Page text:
GOLD’s journey: From a small payload in a lab to operating in outer space

NASA’s upcoming Global-scale Observations of the Limb and Disk (GOLD) mission, which will study the weather at the boundary between Earth’s atmosphere and space, is being readied for a January 25 launch aboard its host spacecraft, SES-14, a commercial satellite owned and operated by SES.

NASA GOLD will observe Earth’s space weather in a very important region, where the part of the atmosphere that is ionized by radiation from the sun –  called the ionosphere – is coupled with the unionized atmosphere, which is often referred to as the thermosphere.

<Watch the latest GOLD video courtesy of NASA by clicking here>

While much has been written about the GOLD science mission and its contributions to better understanding how the weather of the Ionosphere impacts radio frequency transmissions and low earth orbiting satellites that use this region, little has been shared about GOLD’s arduous journey from manufacturing to orbit. That’s a shame, since the process of building, mounting and then launching a payload aboard a commercial satellite is an interesting one – and one that we’re going to shed some more light on right now.

GOLD is notable in part because of the organizations working in concert to make the entire program a success. The mission represents the first time universities and a commercial spacecraft operator will team up to enable a NASA science program. GOLD is being developed and operated by a team comprised of NASA, the University of Colorado’s Laboratory for Atmospheric and Space Physics (LASP), the University of Central Florida, Airbus Defence and Space, and SES. Each of these organizations played a role in taking GOLD from concept to reality.

Payload Integration & Testing

The NASA GOLD hosted payload was completed by LASP in late 2016 and delivered it to the Airbus satellite integration facility in Toulouse, France, in January 2017.  Airbus is SES’ contractor to build and deliver GOLD’s host spacecraft, SES-14. After assembling the main components of SES-14, Airbus integrated GOLD on the Earth-facing deck of the satellite in April.

Throughout the spring, summer and fall, SES-14 and GOLD underwent a series of tests to verify that the satellite met requirements for SES-14’s communications mission and to verify both SES-14 and GOLD met mission compatibility requirements established early in the program.  Both SES-14 and GOLD passed with flying colors.

SES-14 and GOLD underwent final preparations in Toulouse in December and were transported from Toulouse to the Guiana Space Centre near Kourou, French Guiana, aboard a contracted Antonov 124 aircraft on December 22.  SES-14 and GOLD are currently being prepared for a January 25 launch on an Ariane 5 rocket, by SES’ launch service provider for this mission, Arianespace.

Fairing of SES-14 ready for launch on January 25th.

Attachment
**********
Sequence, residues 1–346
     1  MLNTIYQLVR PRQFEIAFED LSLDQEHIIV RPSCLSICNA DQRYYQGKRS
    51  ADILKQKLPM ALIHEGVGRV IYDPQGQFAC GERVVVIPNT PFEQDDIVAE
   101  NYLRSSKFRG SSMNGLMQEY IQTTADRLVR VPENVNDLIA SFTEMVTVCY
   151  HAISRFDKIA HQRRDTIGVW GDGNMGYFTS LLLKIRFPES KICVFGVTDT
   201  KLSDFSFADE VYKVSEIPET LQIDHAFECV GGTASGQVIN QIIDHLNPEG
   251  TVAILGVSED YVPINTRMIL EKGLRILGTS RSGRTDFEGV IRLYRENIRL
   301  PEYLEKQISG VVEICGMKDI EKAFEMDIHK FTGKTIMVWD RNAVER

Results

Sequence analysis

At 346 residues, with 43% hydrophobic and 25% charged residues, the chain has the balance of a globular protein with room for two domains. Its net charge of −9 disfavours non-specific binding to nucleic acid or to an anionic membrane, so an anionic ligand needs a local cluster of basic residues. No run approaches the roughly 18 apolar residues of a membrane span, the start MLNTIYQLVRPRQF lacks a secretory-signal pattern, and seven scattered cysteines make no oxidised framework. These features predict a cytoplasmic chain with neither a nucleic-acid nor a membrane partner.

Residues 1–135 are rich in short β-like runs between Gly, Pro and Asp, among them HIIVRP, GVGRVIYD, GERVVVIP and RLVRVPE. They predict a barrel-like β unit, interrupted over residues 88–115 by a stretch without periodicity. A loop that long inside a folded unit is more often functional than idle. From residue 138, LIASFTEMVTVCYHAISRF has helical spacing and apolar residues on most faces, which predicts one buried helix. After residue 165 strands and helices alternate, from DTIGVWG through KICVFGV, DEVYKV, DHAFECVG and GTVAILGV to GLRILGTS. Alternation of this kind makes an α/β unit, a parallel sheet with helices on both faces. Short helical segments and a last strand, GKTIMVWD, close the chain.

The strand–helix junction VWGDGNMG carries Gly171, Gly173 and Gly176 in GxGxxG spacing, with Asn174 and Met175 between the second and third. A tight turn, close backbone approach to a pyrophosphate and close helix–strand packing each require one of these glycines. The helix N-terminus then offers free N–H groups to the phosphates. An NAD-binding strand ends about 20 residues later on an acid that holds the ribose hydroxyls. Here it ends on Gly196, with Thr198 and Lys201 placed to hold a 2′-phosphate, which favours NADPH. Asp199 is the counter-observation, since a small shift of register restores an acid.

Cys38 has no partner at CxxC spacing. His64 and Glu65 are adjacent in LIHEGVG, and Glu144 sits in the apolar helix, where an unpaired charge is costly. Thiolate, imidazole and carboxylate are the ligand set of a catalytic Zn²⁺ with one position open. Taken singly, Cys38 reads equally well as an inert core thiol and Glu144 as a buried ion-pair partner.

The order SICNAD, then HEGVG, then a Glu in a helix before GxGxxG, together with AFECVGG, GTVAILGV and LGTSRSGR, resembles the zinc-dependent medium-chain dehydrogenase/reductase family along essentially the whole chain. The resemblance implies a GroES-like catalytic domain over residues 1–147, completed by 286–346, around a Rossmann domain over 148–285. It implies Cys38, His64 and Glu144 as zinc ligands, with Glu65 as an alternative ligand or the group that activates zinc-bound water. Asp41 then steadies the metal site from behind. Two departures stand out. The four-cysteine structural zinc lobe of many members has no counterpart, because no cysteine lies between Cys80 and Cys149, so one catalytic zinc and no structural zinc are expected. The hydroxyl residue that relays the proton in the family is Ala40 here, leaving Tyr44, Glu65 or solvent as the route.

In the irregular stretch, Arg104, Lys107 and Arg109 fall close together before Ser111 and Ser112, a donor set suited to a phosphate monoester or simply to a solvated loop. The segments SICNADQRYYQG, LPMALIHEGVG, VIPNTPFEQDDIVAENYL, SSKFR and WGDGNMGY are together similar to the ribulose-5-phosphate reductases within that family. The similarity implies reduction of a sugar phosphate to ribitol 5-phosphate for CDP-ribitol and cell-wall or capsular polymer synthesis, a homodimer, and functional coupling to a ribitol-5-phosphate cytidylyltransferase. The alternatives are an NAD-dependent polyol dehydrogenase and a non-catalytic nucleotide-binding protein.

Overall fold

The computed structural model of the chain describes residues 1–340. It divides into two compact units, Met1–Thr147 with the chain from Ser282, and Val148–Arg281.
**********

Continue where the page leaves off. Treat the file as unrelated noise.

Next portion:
Getting into Orbit

The Ariane 5 rocket will place SES-14 and GOLD into a transfer orbit. Over the next few months, Airbus will raise SES-14 to a geostationary orbit before handing off operations to SES. After a few weeks of on-orbit testing and checkout, SES-14 will commence its communications mission at 45.7° West over Brazil, where is will serve video, mobility, and other customers over Europe, the transatlantic region and the Americas.

Once SES-14 is operational, the LASP team will commission GOLD for its science mission, which will begin a few weeks after GOLD commissioning activities commence.

As a geostationary satellite, SES-14 will provide GOLD a vantage point to constantly look at the same region of the Earth. GOLD’s sensor will have a 30 minute cadence – observing the disk and limb of the earth every 30 minutes. It’s the first time that NASA can study the ionosphere and thermosphere from a geostationary orbit. Previous missions have been in low earth orbit, where the cadence to revisit the same region is once per day.

Ready for Transmission

From its orbit, GOLD will transmit its science data using one of SES-14’s communications channels to an SES teleport at Woodbine, MD.  From there, SES will route the data to LASP’s GOLD Science Operations Center for initial processing.

The data delivered by GOLD will be a series of images – one produced every 30 minutes – which can be played as a movie. These images contain spectral information, multiple wavelengths or colors, as well as spatial information. Overall, this data will provide key information about how Earth’s upper atmosphere connects to the dynamic and complex system of space that fills our solar system.

To watch the launch of SES-14 and the GOLD hosted payload, click HERE.  To learn more about the GOLD hosted payload, download this GOLD & ICON infographic to learn about the benefits of hosted payloads or the whitepaper “What is a Hosted Payload?” Be sure to watch the launch live here: on January 25, 2018.

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